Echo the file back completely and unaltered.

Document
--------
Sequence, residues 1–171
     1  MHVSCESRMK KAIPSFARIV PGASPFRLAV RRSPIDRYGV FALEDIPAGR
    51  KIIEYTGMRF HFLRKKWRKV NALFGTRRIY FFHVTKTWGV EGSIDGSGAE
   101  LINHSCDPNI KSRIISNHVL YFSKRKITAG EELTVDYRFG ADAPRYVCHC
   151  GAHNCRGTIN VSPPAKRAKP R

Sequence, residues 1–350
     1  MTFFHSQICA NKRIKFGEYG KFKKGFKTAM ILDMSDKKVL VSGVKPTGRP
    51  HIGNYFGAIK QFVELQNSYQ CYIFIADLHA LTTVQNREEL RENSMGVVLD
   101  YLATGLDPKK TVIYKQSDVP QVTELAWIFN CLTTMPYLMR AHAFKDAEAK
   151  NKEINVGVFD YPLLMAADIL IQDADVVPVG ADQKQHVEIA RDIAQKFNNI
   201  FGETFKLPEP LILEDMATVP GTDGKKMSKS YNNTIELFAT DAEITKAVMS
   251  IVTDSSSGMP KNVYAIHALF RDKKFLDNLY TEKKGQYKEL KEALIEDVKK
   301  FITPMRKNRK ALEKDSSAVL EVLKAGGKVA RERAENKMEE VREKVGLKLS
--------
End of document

Sequence, residues 1–171
     1  MHVSCESRMK KAIPSFARIV PGASPFRLAV RRSPIDRYGV FALEDIPAGR
    51  KIIEYTGMRF HFLRKKWRKV NALFGTRRIY FFHVTKTWGV EGSIDGSGAE
   101  LINHSCDPNI KSRIISNHVL YFSKRKITAG EELTVDYRFG ADAPRYVCHC
   151  GAHNCRGTIN VSPPAKRAKP R

Sequence, residues 1–350
     1  MTFFHSQICA NKRIKFGEYG KFKKGFKTAM ILDMSDKKVL VSGVKPTGRP
    51  HIGNYFGAIK QFVELQNSYQ CYIFIADLHA LTTVQNREEL RENSMGVVLD
   101  YLATGLDPKK TVIYKQSDVP QVTELAWIFN CLTTMPYLMR AHAFKDAEAK
   151  NKEINVGVFD YPLLMAADIL IQDADVVPVG ADQKQHVEIA RDIAQKFNNI
   201  FGETFKLPEP LILEDMATVP GTDGKKMSKS YNNTIELFAT DAEITKAVMS
   251  IVTDSSSGMP KNVYAIHALF RDKKFLDNLY TEKKGQYKEL KEALIEDVKK
   301  FITPMRKNRK ALEKDSSAVL EVLKAGGKVA RERAENKMEE VREKVGLKLS